Dennis D. McDonald (ddmcd@outlook.com) is an independent consultant located in Alexandria Virginia. His services and capabilities are described here. Application areas include project, program, and data management; market assessment, digital strategy, and program planning; change and content management; social media; and, technology adoption. Follow him on Google+. He also publishes on CTOvision.com and aNewDomain.

Embracing Your Dead Linkedin Connections

Embracing Your Dead Linkedin Connections

By Dennis D. McDonald

Today I received a LinkedIn connection recommendation for a beloved neighbor who died more than five years ago. Her email address pops up now and then, as does the yellowing Rolodex card for her (and her late husband) we still maintain in our kitchen by the anachronistic-but-still-useful landline phone.

I wasn’t at all spooked by Eleanor’s appearance in my LinkedIn stream. She was a dear friend and seeing her name brought a smile to my lips.

It did make me wonder about how many dead people are covered in LinkedIn’s database and how many are included in my own list of connections.

Perhaps it’s not in Linkedin’s advantage to look too closely at this issue as it uses member numbers in its own promotional and pricing efforts.

That’s fine with me. Everyone’s got to make a living. I’m sure the recent purchase of LinkedIn by Microsoft made some people very happy (and wealthy) without getting overly concerned about whether Linkedin’s signal to noise ratio is getting smaller or larger.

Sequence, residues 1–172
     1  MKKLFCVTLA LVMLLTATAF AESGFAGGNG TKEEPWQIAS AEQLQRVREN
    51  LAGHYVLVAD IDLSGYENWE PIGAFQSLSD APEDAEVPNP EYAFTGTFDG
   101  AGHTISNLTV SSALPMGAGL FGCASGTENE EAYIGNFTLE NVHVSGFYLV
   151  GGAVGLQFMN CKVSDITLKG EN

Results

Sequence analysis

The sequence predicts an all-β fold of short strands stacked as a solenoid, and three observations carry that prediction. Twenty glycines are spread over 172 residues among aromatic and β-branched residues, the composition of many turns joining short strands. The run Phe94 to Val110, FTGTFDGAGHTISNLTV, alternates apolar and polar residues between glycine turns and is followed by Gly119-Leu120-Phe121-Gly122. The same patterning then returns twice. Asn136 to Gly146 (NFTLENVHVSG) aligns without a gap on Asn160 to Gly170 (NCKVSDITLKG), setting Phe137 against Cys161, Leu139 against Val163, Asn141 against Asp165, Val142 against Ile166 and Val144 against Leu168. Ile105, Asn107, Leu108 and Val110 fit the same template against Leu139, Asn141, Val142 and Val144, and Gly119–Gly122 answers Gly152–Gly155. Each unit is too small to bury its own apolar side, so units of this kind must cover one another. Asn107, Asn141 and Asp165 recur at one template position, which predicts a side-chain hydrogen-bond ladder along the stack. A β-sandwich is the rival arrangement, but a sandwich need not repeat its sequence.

I have always tended to be a quality over quantity person myself. After many years I view LinkedIn as sort of a necessary evil. Most of the connection requests I get anymore tend to come from people I don’t know or from what I suspect are fake accounts. Since I rarely use LinkedIn much as a serious networking tool that’s probably to be expected. As the man says, “You reap what you sow.”

As I don’t actively use LinkedIn much as a serious networking tool that’s probably to be expected. Plus, my Linkedin news stream increasingly looks like Facebook with images and content of little professional interest. These days I’m finding Google+ to be a more fine-tuned and flexible networking tool where it’s much more likely I’ll run into someone who shares my eclectic interests.

So, seeing a dead neighbor showed up in Linkedin doesn’t really concern me. It is a sobering and bittersweet reminder of the mortality we all face as we strive to make sure something good survives after we’re gone. It’s that “legacy” thing, you know. Like it or not, LinkedIn is part of it.

Copyright (c) 2016 by Dennis D. McDonald

No More Surveys!

No More Surveys!

On Managing Health Data Programs: Some Thoughts After the Health Datapalooza Conference

On Managing Health Data Programs: Some Thoughts After the Health Datapalooza Conference